[home]Breastfeeding Basics: From Birth to Back to Work
As comforting and healthy as breastfeeding can be, it is not always easy in the first few weeks while recovering from birth. With the information in this class, you can prepare to get breastfeeding off to a great start and look forward to the many benefits that breastfeeding can provide to you and your baby.
31 Breastfeeding Secrets
Nursing your baby is no easy feat. Luckily, we’ve rounded up the only breastfeeding tips you’ll ever need, from the experts who’ve figured out the smartest tricks, shortcuts, and solutions.
I didn’t bother buying bottles before I had my daughter, Stella. Believe it or not, I’d been dreaming of breastfeeding since I was a little girl, and I was sure I’d be able to nurse. But my new baby and I had a surprisingly tough time. Before I even left the hospital, my nipples were chapped and sore, and I faced the hard truth familiar to so many new moms: Nursing may be natural, but it’s also downright difficult. So difficult, in fact, that many moms just give up. While 79 percent of mothers breastfeed soon after birth, only 49 percent are still nursing six months later, according to the Centers for Disease Control and Prevention. That’s a surprisingly low number considering that the American Academy of Pediatrics (AAP) recommends exclusive breastfeeding for about six months. What’s more, evidence shows that nursing lowers your baby’s risk of ear infections, stomach viruses, asthma, the flu, and diabetes.
I eventually got much-needed help from a wonderful lactation consultant, Jan Ellen Brown, and I breastfed Stella until just after her first birthday. To help other struggling moms, I persuaded Brown and nine other experts to share their most effective techniques for mastering nursing.
Line up help. “Consider meeting with a lactation consultant or another nursing expert before you have the baby. She can share tips that will help in the beginning, and you’ll know whom to call if you have a problem. International Board Certified Lactation Consultants, or IBCLCs, have had the most intensive training.” –Dee Kassing, IBCLC, a lactation consultant in the St. Louis, Missouri, area
See the real thing. “If you have a friend who’s nursing, ask if you can watch. If not, attend a La Leche League meeting or another breastfeeding support group where you can see moms feeding their babies.” –Jessica Claire, IBCLC, a lactation consultant in Los Angeles
Tell the hospital what you want. “Ask whether you can keep your baby in the room with you at all times if possible. Rooming in will help you bond with your baby, learn feeding cues, and better establish breastfeeding.” –Laurie Jones, M.D., IBCLC, a pediatrician in Phoenix and founder of DrMilk.org
What to Do in the Hospital
Don’t wait to get help. “If the nurse in the hospital says your latch ‘looks great’ but it still hurts, call a lactation expert (IBCLC). If your doctor says your baby is not gaining enough weight, call. If your nipple is injured, call. If your gut says something isn’t right, speak up. You can save yourself weeks and weeks of pain and trouble.” –Jaye Simpson, IBCLC, lactation consultant in Sacramento, California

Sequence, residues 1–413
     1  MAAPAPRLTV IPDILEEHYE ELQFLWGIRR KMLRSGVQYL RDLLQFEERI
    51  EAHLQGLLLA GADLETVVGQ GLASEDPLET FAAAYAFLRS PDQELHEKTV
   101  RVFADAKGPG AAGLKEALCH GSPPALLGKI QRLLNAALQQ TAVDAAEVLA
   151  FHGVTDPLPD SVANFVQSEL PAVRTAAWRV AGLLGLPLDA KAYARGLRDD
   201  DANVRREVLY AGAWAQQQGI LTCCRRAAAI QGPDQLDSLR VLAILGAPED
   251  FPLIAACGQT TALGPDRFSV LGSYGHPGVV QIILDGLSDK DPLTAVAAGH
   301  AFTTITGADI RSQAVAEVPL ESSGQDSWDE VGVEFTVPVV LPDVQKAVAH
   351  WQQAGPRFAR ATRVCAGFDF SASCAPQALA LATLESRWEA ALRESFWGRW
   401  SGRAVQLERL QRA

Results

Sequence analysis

Try to nurse within the first hour after delivery. “Two hours later, many babies will be hard to rouse. It may seem like you’re producing very little at first — maybe just a few drops of colostrum — but a 1- or 2-day-old baby’s stomach is only the size of a marble.” –Jenny Thomas, M.D., IBCLC, a pediatrician in Franklin, Wisconsin, and author of Dr. Jen’s Guide to Breastfeeding
Enlist Dad. “If possible, your partner should be there when you meet with the lactation consultant, both in the hospital and afterward. Dads can be good problem-solvers, and you may find yourself feeling so overwhelmed and sleep-deprived that it will be hard for you to process information.” –Jan Ellen Brown, IBCLC, lactation consultant in Charlotte, North Carolina, and coauthor of 25 Things Every Nursing Mother Needs to Know
Focus on those little feet. “Babies always seem to nurse better when their feet are touching something, like your leg, the arm of the chair, or a pillow tucked next to you. It makes them feel more secure.” –Veronica Jacobsen, a doula and lactation counselor in Richfield, Minnesota
Avoid formula at first. “Even if you’re not sure how long you’ll breastfeed, go all in while you’re in the hospital. Any formula that’s not medically necessary can affect your milk supply.” –Dr. Jones
How to Get a Deep Latch
Position yourselves nose to nipple, belly to belly. “Make sure that your baby’s stomach is touching yours, so she doesn’t have to turn her head to latch. And point your nipple at her nose, not at her mouth, so she’ll lift her head up, open her mouth wide, and latch on deeply.” –Jacobsen
Encourage a mouthful. “If you’re breastfeeding sitting upright, bring your baby to your breast once his mouth is completely open. Press between his shoulders firmly to